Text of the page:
Middle blue is for several electorally-large (the smallest of them, North Carolina, has a full 15 electoral votes), and every one of them is a killer for any prospect of a Trump re-election. It is nearly impossible to distinguish them now,  but together they comprise 78 electoral votes and, with the single electoral votes at risk in Maine and Nebraska of voting contrary to the rest of their respective states, the range of uncertainty that I now see in the 2020 Presidential election. The Democrat need not win any one of these states, but any one of these kills the Trump bid for re-election. The states in question are Florida, Georgia, North Carolina, and Ohio in the sense that Michigan or Pennsylvania going for Trump in 2020 seals a Trump victory -- but even more severely.  Because no Presidential election has ever been decided by one or two electoral votes, I'm putting the potentially 'stray' electoral votes of Maine and Nebraska in yellow -- a flashing yellow that means that you must prepare to stop, but you probably won't have to.  That is 80 electoral votes in yellow and medium red, a tier of states and districts hat could about as easily all go for Trump or all against him should Trump lose Arizona and Iowa.

(Yes, at this point I see Trump losing both Arizona and Iowa because polling in those states has been bad for him and both voted majorities of their vote for Democratic nominees  for House seats. Maine-02 was ambiguous due to ranked-choice voting which might not apply to the Presidential election of 2020). States in this tier all gave Republican majorities for House elections, suggesting that Democrats have their work cut out to win any of them.

Texas has 38 electoral votes, and it is a bigger category than any but two categories on its own. But Texas looks to straddle 400 electoral votes for the Democratic nominee -- any Democratic nominee, and that is where Texas has been since at least 1992.

No Democratic nominee has won 400 or more electoral votes since LBJ did in 1964.  

Beyond this, Texas is the only state that has a chance of going for the Democrat and being of any significance. I have seen unflattering polls of the President in such states as Alaska and Montana, but their three electoral votes make no difference. States close in 2008 that have not since been close (Indiana and Missouri) indicate that Trump has lost Ohio and Georgia, respectively.

Utah is in green in the event that something happens that has not happened in nearly a century (when Wisconsin went for LaFollette) -- a state going to a non-racist Third-Party or independent nominee. It is not going for any Democrat under any circumstance. I can imagine the Utah Democratic Party endorsing such a nominee, let us say a conservative with the blessing of the LDS hierarchy, which is a stretch of my imagination.
https://uselectionatlas.org/FORUM/index....eab5d7f906
I think either Wisconsin or Pennsylvania is a good bet for the swing state. Whether the Democrats nominate a loser or not, will be the critical factor, of course. A good candidate like McAuliffe or Landrieu, who also have some advantage in being from the South, would probably win North Carolina and Florida, plus Virginia of course, and probably win the 3 Trump Rust Belt swing states comfortably, and take Ohio, Iowa and the western swing states as well. But someone like Booker, Harris, Klobuchar, Warren, Gabbard, O'Rourke or Gillibrand would likely allow Trump to take his southern base and get one of those 2 critical swing Rust Belt states too, which is all he would need since that would likely mean he gets Ohio, Iowa and AZ again too. Brown, Biden or Sanders? It's a crap shoot, but at least their name recognition and having good ability to stand up to him, and with their Rust Belt appeal, they might be able to squeeze through.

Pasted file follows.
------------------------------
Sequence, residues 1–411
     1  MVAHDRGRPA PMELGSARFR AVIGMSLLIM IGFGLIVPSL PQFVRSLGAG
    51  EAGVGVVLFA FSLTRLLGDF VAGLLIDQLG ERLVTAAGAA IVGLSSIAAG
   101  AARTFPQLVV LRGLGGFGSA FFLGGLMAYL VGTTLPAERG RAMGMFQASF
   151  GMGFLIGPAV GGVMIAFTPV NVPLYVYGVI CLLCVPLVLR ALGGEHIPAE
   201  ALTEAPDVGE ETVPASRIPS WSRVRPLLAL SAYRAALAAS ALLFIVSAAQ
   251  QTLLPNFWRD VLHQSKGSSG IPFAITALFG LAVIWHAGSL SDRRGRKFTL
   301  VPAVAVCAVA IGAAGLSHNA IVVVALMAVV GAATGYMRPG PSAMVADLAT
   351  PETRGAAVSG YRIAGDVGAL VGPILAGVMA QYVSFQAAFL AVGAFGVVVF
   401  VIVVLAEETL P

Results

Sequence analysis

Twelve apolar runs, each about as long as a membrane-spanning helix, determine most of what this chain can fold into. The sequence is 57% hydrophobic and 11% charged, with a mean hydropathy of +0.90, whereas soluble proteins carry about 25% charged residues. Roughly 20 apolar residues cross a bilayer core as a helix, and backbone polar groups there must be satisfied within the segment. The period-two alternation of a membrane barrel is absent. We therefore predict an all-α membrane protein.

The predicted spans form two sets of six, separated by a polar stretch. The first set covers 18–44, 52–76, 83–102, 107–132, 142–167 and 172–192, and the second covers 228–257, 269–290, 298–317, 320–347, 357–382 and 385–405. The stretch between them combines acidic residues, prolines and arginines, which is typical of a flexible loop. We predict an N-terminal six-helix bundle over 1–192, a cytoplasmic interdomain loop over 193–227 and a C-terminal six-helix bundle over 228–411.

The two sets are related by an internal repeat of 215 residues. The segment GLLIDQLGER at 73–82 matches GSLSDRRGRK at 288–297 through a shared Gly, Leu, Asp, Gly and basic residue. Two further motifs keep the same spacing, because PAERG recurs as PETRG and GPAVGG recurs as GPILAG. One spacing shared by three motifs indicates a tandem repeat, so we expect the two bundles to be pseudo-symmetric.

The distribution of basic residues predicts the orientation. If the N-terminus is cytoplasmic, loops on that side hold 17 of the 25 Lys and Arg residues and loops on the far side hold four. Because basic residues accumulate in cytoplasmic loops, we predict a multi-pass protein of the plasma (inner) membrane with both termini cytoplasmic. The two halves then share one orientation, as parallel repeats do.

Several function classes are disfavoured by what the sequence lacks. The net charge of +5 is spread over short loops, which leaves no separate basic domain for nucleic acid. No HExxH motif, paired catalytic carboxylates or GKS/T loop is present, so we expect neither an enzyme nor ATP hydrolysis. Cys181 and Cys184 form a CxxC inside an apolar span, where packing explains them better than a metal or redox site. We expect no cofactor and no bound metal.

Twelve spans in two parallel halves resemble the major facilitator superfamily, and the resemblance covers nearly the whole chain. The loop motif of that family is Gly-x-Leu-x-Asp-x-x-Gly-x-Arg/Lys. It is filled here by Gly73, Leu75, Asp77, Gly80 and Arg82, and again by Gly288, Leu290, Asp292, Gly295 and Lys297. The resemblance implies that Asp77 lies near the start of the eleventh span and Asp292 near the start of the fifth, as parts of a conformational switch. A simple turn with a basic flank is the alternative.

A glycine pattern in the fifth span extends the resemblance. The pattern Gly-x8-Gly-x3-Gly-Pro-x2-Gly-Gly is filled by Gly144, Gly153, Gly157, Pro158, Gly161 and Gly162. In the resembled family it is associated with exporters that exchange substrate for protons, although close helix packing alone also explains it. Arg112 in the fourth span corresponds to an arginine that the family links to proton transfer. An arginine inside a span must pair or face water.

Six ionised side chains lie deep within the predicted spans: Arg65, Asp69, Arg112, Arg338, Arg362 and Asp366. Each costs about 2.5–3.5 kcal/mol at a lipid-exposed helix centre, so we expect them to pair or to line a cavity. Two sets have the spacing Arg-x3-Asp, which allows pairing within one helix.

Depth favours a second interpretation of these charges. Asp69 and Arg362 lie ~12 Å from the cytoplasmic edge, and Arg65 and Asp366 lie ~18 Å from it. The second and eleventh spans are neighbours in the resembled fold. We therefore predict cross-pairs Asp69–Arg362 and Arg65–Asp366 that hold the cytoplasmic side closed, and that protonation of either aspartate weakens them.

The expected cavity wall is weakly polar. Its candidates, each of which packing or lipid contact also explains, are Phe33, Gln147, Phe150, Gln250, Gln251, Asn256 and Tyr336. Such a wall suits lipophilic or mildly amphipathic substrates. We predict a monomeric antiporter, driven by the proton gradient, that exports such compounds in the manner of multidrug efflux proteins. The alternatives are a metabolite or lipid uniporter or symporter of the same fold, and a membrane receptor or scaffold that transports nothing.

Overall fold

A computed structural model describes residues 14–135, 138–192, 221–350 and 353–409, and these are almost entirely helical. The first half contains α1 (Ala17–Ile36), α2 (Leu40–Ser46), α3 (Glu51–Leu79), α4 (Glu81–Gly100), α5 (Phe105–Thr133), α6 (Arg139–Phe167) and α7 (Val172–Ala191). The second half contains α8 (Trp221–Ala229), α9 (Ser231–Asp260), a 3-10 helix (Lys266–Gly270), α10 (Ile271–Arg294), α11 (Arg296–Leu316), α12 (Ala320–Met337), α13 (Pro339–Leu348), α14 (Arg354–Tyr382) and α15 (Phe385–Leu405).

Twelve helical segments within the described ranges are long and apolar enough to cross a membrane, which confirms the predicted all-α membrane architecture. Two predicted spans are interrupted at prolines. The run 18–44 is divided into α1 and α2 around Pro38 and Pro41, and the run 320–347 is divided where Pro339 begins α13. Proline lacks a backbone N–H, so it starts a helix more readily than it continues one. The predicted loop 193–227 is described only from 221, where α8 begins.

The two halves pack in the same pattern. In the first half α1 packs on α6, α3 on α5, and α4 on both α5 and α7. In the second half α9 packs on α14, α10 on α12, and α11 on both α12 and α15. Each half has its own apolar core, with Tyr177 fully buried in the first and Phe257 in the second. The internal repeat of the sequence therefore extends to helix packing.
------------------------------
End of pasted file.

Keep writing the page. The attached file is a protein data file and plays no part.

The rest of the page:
The fault in Donald Trump is not in his stars. The stars cannot cover for incompetence, corruption, or turning people off.
(02-11-2019, 09:12 PM)Eric the Green Wrote: [ -> ]I think either Wisconsin or Pennsylvania is a good bet for the swing state. Whether the Democrats nominate a loser or not, will be the critical factor, of course. A good candidate like McAuliffe or Landrieu, who also have some advantage in being from the South, would probably win North Carolina and Florida, plus Virginia of course, and probably win the 3 Trump Rust Belt swing states comfortably, and take Ohio, Iowa and the western swing states as well. But someone like Booker, Harris, Klobuchar, Warren, Gabbard, O'Rourke or Gillibrand would likely allow Trump to take his southern base and get one of those 2 critical swing Rust Belt states too, which is all he would need since that would likely mean he gets Ohio, Iowa and AZ again too. Brown, Biden or Sanders? It's a crap shoot, but at least their name recognition and having good ability to stand up to him, and with their Rust Belt appeal, they might be able to squeeze through.

I have to disagree with much of this.  The blue collar voters in most states have similar hot buttons, and both Amy Klobuchar and Sherrod Brown have excellent track records appealing to them in states that have been problematic for Democrats for quite a while.  Both have non-elite backgrounds and come across as calm and friendly  and very pro-people.  Of the two, Klobuchar is by far the better speaker; she may be the woman to break through.